By Ernesto Londoño
Washington Post Foreign Service
Saturday, July 25, 2009
ABU GHRAIB, Iraq -- When insurgents attacked an American convoy with AK-47 rounds and a couple of grenades on a dusty highway in a Baghdad suburb this week, U.S. soldiers returned fire, chased the suspects through narrow alleyways and raided houses.
Tuesday's clash killed two Iraqi adults and a 14-year-old and wounded four people, including two children.
When the shooting subsided, another confrontation began. A senior Iraqi army commander who arrived at the scene concluded that the Americans had fired indiscriminately at civilians and ordered his men to take the U.S. soldiers into custody. The U.S. military said the soldiers had acted in self-defense and had sought to avoid civilian casualties; U.S. commanders at the scene persuaded the Iraqis to back down.
The incident, apparently the first time a senior Iraqi commander has sought to detain U.S. soldiers, signals a potential escalation of tensions between U.S. and Iraqi forces trying to find a new equilibrium as Iraq assumes more responsibility for its security.
Both sides have starkly different interpretations of vaguely worded restrictions on the authority and movement of U.S. forces that went into effect more than three weeks ago. Those differences, and the friction they are causing in U.S.-Iraqi military relations, have been sharply underscored by the Abu Ghraib attack, which appears to be the first time U.S. soldiers have used deadly force since the new restrictions were imposed.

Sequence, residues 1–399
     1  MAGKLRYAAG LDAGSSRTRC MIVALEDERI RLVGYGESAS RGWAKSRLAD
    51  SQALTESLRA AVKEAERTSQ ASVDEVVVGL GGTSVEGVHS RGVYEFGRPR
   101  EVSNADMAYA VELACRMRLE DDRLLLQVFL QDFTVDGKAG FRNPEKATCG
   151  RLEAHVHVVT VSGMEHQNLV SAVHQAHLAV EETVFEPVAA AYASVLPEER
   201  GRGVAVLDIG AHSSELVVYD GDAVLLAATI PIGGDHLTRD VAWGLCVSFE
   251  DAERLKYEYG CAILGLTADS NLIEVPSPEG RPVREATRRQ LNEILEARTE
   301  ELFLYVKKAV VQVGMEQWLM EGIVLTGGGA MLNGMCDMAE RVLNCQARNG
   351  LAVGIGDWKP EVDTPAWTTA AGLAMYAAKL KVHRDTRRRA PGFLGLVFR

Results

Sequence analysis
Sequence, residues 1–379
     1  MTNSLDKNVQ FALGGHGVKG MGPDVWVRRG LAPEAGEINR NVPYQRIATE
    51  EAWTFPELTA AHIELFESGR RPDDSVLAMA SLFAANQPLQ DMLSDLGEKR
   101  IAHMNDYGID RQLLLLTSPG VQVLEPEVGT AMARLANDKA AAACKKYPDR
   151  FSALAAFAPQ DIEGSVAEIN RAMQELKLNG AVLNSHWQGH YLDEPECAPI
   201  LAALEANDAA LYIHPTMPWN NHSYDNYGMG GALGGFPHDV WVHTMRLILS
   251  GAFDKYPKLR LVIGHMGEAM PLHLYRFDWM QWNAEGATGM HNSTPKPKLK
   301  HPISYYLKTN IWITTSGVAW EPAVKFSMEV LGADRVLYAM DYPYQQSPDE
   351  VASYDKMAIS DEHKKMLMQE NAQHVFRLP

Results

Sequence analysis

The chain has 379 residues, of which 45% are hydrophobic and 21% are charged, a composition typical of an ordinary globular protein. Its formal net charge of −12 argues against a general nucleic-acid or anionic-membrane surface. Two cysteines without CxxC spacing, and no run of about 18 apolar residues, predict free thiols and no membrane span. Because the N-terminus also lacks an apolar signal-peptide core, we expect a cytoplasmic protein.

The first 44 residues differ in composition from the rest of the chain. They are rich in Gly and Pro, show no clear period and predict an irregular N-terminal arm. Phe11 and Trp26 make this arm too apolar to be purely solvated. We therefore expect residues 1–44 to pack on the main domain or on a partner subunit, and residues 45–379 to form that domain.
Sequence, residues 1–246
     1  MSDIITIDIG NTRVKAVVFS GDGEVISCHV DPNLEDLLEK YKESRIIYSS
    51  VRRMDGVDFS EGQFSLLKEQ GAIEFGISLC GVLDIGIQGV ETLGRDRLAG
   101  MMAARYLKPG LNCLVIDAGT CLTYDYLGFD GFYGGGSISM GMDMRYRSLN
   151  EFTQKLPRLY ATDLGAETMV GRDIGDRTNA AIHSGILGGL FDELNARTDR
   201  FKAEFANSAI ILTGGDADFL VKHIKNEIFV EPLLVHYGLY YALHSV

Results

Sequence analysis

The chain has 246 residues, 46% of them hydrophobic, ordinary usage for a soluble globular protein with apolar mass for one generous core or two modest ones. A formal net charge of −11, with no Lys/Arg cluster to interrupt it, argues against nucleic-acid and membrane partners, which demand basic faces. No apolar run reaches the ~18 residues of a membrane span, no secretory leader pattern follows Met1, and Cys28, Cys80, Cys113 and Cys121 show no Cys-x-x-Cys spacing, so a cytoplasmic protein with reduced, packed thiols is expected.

Word of the incident quickly spread among U.S. soldiers in Baghdad. Several said it heightened concerns that the split-second decisions they make now have the potential to draw a sharp rebuke from Iraq's increasingly assertive security forces. And reaction from Iraqi military officials seemed to confirm those fears.
"What happened is a crime," the Iraqi commander said Friday during a brief interview in his office. "Civilians were killed."
The commander and a senior Iraqi police official, who also characterized the American response as a "crime," spoke on the condition of anonymity, citing ministry regulations that bar them from speaking to the news media without written approval.
Maj. David Shoupe, a U.S. military spokesman, said the two slain men were assailants.
"The response of the [U.S.] patrol was within the rules of engagement, appropriate and proportionate to the attack on them," Shoupe said in an e-mail. "It is important to note that the patrol used aimed fire to kill their two attackers -- stopping the attack that could have resulted in many more [U.S.] and Iraqi deaths."
Hospital and police officials said the two wounded children were 9 and 12.
Conflicting accounts of attacks involving U.S. forces in Iraq are common, and versions are often skewed by how the troops are viewed in the area.
Interviews with residents, hospital officials and Iraqi army police commanders in the suburb of Abu Ghraib suggest that conventional wisdom holds the Americans killed civilians.
Many in this former insurgent hotbed are seething.
"They shot randomly," said Hussein Neda, 47, the father of one of the slain men. "They were running with weapons, and they killed my son before we got to him."